Frequencies in Perception and Production Differentially Affect Child Speech Purpose Frequent sounds and frequent words are both acquired at an earlier age and are produced by children more accurately. Recent research suggests that frequency is not always a facilitative concept, however. Interactions between input frequency in perception and practice frequency in production may limit or inhibit growth. In this ... Research Article
Research Article  |   December 10, 2018
Frequencies in Perception and Production Differentially Affect Child Speech
 
Author Affiliations & Notes
  • Peter T. Richtsmeier
    Department of Communication Sciences and Disorders, Oklahoma State University, Stillwater
  • Amanda K. Good
    Department of Communication Sciences and Disorders, Oklahoma State University, Stillwater
  • Disclosure: The authors have declared that no competing interests existed at the time of publication.
    Disclosure: The authors have declared that no competing interests existed at the time of publication. ×
  • Amanda K. Good is now a Speech-Language Pathologist at Canyon Breeze Elementary School, Avondale, AZ.
    Amanda K. Good is now a Speech-Language Pathologist at Canyon Breeze Elementary School, Avondale, AZ.×
  • Correspondence to Peter T. Richtsmeier: prichtsmeier@yahoo.com
  • Editor-in-Chief: Julie Liss
    Editor-in-Chief: Julie Liss×
  • Editor: Bharath Chandrasekaran
    Editor: Bharath Chandrasekaran×
Article Information
Development / Attention, Memory & Executive Functions / Speech, Voice & Prosody / Speech / Research Articles
Research Article   |   December 10, 2018
Frequencies in Perception and Production Differentially Affect Child Speech
Journal of Speech, Language, and Hearing Research, December 2018, Vol. 61, 2854-2868. doi:10.1044/2018_JSLHR-S-17-0391
History: Received October 17, 2017 , Revised April 9, 2018 , Accepted July 16, 2018
 
Journal of Speech, Language, and Hearing Research, December 2018, Vol. 61, 2854-2868. doi:10.1044/2018_JSLHR-S-17-0391
History: Received October 17, 2017; Revised April 9, 2018; Accepted July 16, 2018

Purpose Frequent sounds and frequent words are both acquired at an earlier age and are produced by children more accurately. Recent research suggests that frequency is not always a facilitative concept, however. Interactions between input frequency in perception and practice frequency in production may limit or inhibit growth. In this study, we consider how a range of input frequencies affect production accuracy and referent identification.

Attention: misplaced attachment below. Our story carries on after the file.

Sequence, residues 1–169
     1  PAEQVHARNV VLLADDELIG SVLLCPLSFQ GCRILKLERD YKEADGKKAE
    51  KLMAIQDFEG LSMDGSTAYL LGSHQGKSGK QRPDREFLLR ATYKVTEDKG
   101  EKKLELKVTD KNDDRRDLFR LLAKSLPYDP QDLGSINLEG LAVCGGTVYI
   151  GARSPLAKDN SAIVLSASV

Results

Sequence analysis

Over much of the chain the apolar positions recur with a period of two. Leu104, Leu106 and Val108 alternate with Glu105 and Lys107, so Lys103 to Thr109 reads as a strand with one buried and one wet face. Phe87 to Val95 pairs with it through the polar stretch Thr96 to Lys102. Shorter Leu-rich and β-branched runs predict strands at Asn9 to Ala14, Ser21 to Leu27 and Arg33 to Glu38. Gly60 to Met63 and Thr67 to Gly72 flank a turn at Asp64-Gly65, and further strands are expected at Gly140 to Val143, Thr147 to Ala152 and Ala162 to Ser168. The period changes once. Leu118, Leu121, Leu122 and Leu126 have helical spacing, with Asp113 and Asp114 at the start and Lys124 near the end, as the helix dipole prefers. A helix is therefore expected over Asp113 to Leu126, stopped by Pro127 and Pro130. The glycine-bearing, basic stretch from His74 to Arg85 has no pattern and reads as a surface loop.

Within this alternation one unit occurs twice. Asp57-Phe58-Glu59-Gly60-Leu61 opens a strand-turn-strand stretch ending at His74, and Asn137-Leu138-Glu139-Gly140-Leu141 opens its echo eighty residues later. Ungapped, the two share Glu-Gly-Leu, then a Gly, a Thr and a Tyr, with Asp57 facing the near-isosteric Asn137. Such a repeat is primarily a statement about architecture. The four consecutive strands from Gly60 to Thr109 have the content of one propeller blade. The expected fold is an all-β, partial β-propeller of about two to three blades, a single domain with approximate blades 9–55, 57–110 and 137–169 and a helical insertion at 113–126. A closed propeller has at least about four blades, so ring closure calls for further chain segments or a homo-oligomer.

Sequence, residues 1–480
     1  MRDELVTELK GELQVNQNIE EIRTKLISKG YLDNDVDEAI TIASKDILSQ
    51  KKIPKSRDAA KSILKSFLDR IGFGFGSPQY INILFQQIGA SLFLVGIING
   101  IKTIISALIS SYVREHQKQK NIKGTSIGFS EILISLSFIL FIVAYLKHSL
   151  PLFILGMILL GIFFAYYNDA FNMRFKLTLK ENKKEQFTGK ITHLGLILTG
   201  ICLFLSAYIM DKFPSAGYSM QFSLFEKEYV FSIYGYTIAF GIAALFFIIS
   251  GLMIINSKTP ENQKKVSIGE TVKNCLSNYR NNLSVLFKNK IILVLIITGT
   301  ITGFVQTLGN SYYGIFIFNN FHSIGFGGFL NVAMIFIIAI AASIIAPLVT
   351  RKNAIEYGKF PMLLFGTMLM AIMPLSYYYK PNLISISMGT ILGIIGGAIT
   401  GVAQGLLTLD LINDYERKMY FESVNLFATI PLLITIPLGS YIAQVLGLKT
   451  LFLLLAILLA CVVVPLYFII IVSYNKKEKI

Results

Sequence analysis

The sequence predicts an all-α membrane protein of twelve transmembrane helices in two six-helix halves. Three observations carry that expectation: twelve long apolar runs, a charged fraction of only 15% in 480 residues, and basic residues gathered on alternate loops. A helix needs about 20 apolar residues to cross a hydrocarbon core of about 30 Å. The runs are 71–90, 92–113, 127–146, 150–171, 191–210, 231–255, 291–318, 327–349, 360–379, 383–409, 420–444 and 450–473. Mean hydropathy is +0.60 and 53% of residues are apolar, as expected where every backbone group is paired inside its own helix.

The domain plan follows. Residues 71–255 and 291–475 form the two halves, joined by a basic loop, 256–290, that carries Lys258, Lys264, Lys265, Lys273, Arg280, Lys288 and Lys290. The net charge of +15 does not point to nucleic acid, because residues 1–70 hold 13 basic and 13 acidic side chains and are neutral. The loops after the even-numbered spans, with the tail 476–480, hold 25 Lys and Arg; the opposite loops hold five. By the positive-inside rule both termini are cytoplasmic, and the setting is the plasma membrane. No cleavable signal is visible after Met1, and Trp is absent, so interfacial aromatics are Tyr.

Method Thirty-three typically developing 3- and 4-year-olds participated in a novel word-learning task. In the initial test block, participants heard nonwords 1, 3, 6, or 10 times—produced either by a single talker or by multiple talkers—and then produced them immediately. In a posttest, participants heard all nonwords just once and then produced them. Referent identification was probed in between the test and posttest.

Results Production accuracy was most clearly facilitated by an input frequency of 3 during the test block. Input frequency interacted with production practice, and the facilitative effect of input frequency did not carry over to the posttest. Talker variability did not affect accuracy, regardless of input frequency. The referent identification results did not favor talker variability or a particular input frequency value, but participants were able to learn the words at better than chance levels.

Conclusions The results confirm that the input can be facilitative, but input frequency and production practice interact in ways that limit input-based learning, and more input is not always better. Future research on this interaction may allow clinicians to optimize various types of frequency commonly used during therapy.

Acknowledgments
The authors wish to thank Anna Bostian, Shie Kantor, and Kelsey Mueggenborg for help in managing the participants.
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